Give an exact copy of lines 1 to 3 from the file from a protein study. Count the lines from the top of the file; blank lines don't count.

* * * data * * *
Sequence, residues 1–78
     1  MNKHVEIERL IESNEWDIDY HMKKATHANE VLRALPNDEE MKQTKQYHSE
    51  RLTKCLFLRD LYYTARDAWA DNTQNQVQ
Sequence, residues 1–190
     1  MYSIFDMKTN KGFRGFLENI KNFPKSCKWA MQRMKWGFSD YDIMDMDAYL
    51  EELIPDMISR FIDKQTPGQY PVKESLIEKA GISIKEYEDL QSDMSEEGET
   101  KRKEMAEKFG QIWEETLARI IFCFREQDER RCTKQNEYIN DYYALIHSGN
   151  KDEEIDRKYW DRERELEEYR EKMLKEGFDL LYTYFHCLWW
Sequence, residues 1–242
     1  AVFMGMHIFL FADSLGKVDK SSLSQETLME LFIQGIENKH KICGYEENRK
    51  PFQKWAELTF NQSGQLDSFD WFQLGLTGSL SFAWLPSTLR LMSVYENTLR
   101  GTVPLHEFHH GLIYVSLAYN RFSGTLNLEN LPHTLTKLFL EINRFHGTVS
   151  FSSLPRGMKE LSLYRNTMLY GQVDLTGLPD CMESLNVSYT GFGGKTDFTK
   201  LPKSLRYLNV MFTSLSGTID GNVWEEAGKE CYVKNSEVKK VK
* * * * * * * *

Sequence, residues 1–78
     1  MNKHVEIERL IESNEWDIDY HMKKATHANE VLRALPNDEE MKQTKQYHSE
    51  RLTKCLFLRD LYYTARDAWA DNTQNQVQ